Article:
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Not all that glitters is good news

The police revealed figures last year showing that metal theft was heading down in 2012 – the same year they were calling for more funding to fight metal theft that was allegedly spiralling upwards out of control.

In 2012 new legislation was still some way off, but publicity and voluntary measures were having an effect. The real difference was that the owners of material containing metal, such as BT and Network Rail, got off their backsides and started to protect it. The police had shown no interest in large-scale, high-value, metal theft from scrap yards and little interest in the sort of low-level crime that most theft involved.

So politicians decided that we, the scrap dealers, would have to do the police’s job for them. It was supposedly our fault for using real money to pay for this metal. But the naive and mistaken belief that theft can be prevented by legislation and changing the type of payment is rubbish.

The British Metals Recycling Association tried to put a gloss on a very poor piece of legislation by suggesting that their members would gain an advantage and thrive when the unlicensed cowboys were put out of business. It seemed to believe that lots of people would be refused licences and so it was good legislation – they haven’t and it isn’t.

In addition, BMRA members need the tonnage that these people bring – it is the staple diet of many city and town centre yards. I accept that there was very little they could do in the face of a barrage of misinformation and public backlash, and it would not look good for a trade body to speak out against what was being presented, and still is, as a panacea for metal theft.

The proactive anti-theft measures, coupled with low prices, are why metal theft is falling. Let’s face it: the whole thing was blamed on sky-high metal prices so, using the same logic, low prices were bound to have the opposite effect. Perhaps now the media hysteria has died down they have started reporting stolen items as what they are – a bike for instance – rather than scrap metal.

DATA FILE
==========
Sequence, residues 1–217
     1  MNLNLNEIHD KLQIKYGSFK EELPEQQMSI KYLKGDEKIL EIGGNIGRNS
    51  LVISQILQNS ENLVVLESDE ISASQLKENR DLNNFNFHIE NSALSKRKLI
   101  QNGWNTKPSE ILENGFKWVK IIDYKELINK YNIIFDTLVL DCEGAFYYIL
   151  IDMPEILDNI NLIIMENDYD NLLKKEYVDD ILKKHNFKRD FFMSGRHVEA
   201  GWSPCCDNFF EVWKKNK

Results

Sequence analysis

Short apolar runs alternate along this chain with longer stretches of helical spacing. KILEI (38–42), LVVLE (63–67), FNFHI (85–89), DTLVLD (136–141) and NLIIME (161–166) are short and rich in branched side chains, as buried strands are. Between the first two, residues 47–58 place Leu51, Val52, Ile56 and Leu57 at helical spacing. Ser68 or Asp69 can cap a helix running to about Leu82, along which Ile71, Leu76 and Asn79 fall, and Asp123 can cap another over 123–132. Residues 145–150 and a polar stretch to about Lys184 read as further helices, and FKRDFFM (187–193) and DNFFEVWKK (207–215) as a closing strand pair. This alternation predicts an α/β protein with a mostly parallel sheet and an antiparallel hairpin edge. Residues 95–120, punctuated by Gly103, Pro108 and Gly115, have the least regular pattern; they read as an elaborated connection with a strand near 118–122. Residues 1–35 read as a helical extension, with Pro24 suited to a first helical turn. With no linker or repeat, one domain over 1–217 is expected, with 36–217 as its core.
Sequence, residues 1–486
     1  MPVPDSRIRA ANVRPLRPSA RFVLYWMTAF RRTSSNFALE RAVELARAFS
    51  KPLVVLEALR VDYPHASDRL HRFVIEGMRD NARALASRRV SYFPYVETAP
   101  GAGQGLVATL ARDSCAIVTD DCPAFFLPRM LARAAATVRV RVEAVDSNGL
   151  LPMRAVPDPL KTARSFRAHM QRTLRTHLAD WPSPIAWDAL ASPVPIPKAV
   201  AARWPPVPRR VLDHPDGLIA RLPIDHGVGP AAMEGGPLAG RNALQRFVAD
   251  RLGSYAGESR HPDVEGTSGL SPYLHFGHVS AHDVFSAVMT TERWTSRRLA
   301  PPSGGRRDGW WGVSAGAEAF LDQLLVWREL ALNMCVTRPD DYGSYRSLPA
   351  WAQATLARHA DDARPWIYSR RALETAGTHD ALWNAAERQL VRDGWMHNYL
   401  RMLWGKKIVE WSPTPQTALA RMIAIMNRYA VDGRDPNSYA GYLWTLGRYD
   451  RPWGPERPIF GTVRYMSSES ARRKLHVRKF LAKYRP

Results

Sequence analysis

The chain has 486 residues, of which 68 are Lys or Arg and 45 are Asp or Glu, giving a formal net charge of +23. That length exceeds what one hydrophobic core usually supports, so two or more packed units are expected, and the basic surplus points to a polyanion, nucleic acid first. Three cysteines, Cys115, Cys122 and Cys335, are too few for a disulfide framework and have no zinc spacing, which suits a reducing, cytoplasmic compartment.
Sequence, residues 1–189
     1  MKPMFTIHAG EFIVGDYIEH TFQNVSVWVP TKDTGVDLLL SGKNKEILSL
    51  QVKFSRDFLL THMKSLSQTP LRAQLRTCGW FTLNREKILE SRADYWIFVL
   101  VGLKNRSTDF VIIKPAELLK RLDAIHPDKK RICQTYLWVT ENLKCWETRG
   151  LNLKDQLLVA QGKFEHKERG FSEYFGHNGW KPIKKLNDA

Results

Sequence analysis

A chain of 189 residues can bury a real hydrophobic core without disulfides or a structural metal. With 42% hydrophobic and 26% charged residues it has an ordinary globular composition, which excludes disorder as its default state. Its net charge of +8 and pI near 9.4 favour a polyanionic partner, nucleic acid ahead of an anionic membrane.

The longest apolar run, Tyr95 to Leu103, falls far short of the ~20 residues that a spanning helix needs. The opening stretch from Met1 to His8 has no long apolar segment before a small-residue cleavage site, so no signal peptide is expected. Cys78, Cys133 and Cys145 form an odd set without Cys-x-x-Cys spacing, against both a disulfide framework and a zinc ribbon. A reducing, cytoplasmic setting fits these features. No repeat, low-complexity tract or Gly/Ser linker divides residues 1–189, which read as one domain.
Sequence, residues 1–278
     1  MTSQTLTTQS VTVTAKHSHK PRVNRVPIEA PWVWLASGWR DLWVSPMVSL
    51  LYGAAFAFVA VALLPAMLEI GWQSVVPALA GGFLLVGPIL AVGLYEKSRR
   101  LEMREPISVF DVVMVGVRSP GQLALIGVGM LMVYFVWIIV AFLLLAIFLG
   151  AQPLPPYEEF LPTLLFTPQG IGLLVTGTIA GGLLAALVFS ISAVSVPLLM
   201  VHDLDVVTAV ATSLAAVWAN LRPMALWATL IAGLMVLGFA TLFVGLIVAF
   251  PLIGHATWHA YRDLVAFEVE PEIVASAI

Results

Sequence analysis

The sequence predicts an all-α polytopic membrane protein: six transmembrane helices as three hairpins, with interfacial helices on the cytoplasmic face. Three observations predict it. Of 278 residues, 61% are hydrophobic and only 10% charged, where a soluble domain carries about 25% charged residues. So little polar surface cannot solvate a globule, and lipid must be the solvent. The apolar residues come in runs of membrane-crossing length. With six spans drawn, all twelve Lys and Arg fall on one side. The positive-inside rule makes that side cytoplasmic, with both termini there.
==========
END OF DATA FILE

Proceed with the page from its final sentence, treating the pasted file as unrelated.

The scrap industry is currently going through the toughest times it has seen in recent years. Prices are back where they were a decade ago but, critically, volumes have slumped from already low levels.

The real issue is the fight for survival that has started a journey to the bottom in terms of margins, which have shrunk to ridiculous levels. Merchants posted losses and dismal results for 2013-14 and it has got much worse since then. Companies are wearing equipment out and exhausting cash and stock reserves while making a loss or very small profits.

We are now seeing a steady stream of closures and administrations. Companies have been hanging on for better days but that is not going to happen any time soon. There are too many of us chasing too little business.

Mark Schofield, director of scrap metal dealer JB Schofield

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